With its wide-ranging use of different wood species, the Prince George Airport demonstrates how a high-traffic building can benefit from the resilience, versatility, durability, and thermal characteristics of wood. These were important considerations for this northern city, situated at the confluence of the Fraser and Nechako Rivers, which is prone to cold, harsh winters.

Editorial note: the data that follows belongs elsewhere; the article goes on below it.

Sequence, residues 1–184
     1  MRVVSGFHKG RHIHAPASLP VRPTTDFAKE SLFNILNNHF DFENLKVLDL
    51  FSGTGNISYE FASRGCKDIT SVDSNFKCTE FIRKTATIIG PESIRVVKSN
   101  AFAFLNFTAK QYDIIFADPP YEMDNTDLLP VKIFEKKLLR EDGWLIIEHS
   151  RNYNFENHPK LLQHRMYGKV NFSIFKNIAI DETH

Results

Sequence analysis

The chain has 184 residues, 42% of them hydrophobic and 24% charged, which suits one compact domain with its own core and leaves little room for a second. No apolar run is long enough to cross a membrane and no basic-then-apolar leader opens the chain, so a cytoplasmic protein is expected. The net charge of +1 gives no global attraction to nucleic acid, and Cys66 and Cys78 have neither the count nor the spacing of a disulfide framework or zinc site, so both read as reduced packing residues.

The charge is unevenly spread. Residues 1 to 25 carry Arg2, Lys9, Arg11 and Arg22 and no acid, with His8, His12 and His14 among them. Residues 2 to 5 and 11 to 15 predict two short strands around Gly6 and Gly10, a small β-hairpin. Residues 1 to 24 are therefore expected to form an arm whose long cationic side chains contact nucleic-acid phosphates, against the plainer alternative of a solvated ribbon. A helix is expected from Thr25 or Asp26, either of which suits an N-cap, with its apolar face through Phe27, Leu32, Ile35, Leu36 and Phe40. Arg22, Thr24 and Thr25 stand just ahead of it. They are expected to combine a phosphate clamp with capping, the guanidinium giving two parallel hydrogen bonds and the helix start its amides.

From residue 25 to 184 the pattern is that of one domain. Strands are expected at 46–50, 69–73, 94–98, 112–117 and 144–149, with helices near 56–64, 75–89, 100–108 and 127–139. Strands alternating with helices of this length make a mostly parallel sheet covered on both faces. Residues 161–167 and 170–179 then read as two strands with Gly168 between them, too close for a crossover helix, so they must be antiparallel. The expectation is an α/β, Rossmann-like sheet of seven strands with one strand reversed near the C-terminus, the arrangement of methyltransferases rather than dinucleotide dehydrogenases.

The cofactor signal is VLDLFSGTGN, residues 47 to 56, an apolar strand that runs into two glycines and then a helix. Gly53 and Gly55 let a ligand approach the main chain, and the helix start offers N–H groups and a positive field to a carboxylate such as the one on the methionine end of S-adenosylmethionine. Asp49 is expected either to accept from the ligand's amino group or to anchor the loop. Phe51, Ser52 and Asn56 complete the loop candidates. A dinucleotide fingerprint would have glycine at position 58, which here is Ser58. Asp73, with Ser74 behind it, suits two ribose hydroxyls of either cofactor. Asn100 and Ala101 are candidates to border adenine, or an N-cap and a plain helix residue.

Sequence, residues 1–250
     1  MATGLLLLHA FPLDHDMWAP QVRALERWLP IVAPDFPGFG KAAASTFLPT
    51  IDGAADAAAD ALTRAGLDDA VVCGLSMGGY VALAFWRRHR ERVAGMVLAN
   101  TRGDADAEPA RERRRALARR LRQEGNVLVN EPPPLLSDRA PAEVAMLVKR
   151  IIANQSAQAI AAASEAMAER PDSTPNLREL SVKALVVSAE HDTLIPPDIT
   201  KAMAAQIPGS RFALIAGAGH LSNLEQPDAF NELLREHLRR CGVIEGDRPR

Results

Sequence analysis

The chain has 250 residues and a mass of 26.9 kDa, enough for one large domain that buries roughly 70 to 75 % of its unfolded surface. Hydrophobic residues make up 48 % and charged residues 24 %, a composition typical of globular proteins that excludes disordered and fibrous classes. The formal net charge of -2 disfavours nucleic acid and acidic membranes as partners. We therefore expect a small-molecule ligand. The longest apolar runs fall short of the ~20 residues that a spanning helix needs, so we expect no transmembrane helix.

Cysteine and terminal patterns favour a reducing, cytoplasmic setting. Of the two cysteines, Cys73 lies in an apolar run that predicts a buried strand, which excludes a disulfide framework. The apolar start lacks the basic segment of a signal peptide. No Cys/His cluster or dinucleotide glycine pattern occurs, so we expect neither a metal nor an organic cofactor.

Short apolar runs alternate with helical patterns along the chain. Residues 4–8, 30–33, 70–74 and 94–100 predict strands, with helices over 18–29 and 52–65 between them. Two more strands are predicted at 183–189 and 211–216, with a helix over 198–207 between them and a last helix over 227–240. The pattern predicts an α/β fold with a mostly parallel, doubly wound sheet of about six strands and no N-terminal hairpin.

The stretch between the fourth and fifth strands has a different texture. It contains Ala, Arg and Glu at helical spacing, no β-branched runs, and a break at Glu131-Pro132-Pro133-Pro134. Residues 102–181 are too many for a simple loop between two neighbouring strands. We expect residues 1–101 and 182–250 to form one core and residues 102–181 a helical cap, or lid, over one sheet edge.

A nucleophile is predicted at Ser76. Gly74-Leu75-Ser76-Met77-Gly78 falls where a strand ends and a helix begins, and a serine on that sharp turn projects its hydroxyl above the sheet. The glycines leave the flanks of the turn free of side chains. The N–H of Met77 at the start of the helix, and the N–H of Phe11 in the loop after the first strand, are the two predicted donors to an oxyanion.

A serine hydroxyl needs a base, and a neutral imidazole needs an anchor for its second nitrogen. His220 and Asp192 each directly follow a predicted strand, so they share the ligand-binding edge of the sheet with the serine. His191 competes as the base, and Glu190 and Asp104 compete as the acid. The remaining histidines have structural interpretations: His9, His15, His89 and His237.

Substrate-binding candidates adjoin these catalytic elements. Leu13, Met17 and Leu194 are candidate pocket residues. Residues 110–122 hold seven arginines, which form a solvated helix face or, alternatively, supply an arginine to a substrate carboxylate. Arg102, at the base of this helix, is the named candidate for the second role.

The airport’s primary structure combines tight-fit stainless-steel connections with elliptically shaped Douglas-fir glue-laminated timber columns, while repeating Douglas-fir ceiling planks provide warmth and a serene sense of rhythm throughout the building interior. Inside, panelized maple plywood, “birch box” seating, and maple benches offer moments of calm for passengers in the departure lounge. An abundant use of natural light, unusual for a building of this type, enhances the wood’s warmth. Against the backdrop of ample glazing, careful detailing neatly tucks away wood-to-metal column connections to accommodate expansive views out to the runways and natural landscape. Overall, the use of exposed wood and earth tones offers a contemporary, tranquil aesthetic for busy travelers.